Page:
Mike and Deanne, our son-in-law David’s mom and dad, were with us last weekend. We all had a wonderful time. Rosa and I remembered the summer of 2013 when they took us to Ephesus. We took them to Vicksburg and the Old Country Store Restaurant. Somehow the two—Ephesus? Vicksburg?—weren’t quite equal!

Since Mike and Deanne have served for many years in many different parts of the world, we asked them to share in our Sunday school class. Mike began with Isaiah 50:10: “Who among you fears the Lord and obeys the word of his servant? Let him who walks in darkness and has no light, trust in the name of the Lord and rely on his God” (ESV).

After reading, Mike asked, “According to this verse, what do we need?” Several class members answered, “light.” “No,” Mike said, “we need trust.” The verse tells us that when we “walk in darkness and have no light” we are called to “trust in the name of the Lord and rely on [our] God.”

God has given us light for right living—remember Ps 119:5: “Your word is a lamp to my feet and a light to my path.” He has shown us how to “walk in his ways” (Psalm 119:3, ESV) and “obey the word of his servant.”

But we have no light that shows us tomorrow. We strain our eyes in the attempt to pierce the future’s darkness. We plan for various contingencies, but as we move forward into the coming day, we “walk in darkness and have no light.” But our God sees clearly, “the darkness and the light are both alike” to Him (Ps 139:12, NKJV). It is ours to trust Him. Trust includes humility before His majesty, gratitude before His grace given us in Christ, rest in His character as our Savior, and obedience to His will. “Trust in the Lord with all your heart, and lean not on your own understanding; in all your ways acknowledge Him, and He shall direct your paths” (Proverbs 3:5-6, NKJV, emphasis added). This is the message of the Bible.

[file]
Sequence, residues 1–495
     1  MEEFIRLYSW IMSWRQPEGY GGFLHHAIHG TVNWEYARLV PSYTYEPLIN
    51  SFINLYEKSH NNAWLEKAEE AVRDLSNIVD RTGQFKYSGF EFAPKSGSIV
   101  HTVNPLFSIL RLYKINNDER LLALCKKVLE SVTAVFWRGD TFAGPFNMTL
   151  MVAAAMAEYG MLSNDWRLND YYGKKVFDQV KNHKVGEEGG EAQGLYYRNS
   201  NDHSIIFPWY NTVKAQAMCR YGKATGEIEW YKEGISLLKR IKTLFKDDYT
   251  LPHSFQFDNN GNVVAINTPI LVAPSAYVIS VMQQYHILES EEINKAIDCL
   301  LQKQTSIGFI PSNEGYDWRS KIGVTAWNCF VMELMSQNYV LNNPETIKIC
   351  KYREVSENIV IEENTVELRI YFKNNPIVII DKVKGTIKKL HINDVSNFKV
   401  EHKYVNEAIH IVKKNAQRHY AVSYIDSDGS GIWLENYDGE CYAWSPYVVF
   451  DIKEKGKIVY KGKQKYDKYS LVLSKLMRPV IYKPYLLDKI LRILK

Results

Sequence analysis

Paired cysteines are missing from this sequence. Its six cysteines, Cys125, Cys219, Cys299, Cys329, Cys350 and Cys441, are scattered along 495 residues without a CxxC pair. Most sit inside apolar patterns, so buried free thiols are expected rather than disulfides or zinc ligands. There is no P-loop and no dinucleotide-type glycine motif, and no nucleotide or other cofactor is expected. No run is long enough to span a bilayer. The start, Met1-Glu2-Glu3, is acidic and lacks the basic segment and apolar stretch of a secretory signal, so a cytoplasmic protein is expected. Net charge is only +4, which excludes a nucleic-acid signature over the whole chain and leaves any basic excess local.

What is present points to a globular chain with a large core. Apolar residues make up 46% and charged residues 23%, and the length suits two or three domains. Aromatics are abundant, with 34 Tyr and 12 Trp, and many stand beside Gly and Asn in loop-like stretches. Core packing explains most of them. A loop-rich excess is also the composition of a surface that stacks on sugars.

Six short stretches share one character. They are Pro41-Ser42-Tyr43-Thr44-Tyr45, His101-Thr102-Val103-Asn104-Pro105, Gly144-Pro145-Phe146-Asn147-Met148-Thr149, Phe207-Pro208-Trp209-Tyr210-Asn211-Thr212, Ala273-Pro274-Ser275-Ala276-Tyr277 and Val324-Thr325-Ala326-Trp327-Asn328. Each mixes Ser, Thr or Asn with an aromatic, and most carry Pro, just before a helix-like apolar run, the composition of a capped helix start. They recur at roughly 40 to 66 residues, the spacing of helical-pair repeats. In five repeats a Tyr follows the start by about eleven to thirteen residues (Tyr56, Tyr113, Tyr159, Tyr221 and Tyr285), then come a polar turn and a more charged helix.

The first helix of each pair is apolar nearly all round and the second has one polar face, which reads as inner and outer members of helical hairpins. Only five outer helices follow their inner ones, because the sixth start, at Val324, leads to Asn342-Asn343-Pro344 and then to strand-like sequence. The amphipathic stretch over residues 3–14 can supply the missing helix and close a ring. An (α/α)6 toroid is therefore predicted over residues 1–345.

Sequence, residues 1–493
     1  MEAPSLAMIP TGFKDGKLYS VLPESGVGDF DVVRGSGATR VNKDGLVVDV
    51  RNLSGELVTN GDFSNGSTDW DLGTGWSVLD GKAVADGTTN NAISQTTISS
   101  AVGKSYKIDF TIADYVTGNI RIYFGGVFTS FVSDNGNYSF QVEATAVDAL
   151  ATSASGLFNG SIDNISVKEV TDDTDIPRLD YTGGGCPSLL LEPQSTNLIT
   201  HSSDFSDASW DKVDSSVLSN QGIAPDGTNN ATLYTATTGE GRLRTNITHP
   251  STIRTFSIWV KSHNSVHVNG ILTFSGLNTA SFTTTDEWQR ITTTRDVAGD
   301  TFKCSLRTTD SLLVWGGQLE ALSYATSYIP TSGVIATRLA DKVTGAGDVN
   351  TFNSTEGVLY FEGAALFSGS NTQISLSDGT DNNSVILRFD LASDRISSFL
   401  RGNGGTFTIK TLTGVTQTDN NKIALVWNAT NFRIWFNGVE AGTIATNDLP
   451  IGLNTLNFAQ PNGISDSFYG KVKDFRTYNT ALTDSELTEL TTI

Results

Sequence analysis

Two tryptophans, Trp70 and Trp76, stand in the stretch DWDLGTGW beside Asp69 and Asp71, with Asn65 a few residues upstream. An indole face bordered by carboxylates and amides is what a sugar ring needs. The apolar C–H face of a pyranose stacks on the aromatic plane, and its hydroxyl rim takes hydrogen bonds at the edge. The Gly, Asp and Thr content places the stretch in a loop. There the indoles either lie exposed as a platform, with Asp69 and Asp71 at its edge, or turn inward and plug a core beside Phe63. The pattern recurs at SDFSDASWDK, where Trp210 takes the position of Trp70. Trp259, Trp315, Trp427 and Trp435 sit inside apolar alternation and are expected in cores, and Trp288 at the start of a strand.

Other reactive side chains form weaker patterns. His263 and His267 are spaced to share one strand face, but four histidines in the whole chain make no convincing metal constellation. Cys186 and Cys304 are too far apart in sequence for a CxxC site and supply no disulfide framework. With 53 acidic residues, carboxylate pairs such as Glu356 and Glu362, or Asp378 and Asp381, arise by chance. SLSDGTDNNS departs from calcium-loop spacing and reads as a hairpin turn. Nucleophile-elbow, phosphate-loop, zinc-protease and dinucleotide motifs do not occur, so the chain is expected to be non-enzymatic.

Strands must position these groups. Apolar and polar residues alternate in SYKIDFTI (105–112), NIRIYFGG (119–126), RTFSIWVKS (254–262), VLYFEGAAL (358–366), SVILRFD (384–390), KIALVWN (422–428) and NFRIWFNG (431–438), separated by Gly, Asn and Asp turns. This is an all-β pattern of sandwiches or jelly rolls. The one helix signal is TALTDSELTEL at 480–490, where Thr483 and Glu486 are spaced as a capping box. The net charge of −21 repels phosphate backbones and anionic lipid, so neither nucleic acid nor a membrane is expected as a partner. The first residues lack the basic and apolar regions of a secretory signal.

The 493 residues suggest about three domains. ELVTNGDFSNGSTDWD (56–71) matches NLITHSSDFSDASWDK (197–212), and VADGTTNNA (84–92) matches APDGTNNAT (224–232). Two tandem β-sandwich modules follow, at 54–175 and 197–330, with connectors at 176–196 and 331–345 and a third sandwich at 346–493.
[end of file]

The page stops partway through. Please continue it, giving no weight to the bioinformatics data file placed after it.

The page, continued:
Check out “The Grumpy Theologian”

“The Grumpy Theologian” is a fitting name for my colleague who has begun writing a blog by this title (http://grumpytheologian.blogspot.com/). “Grumpy” in the best way–he is “grumpy” with anything superficial or self-serving. You will be rewarded if you check out his post entitled “What makes good theology.” Here are several quotes to whet your appetite: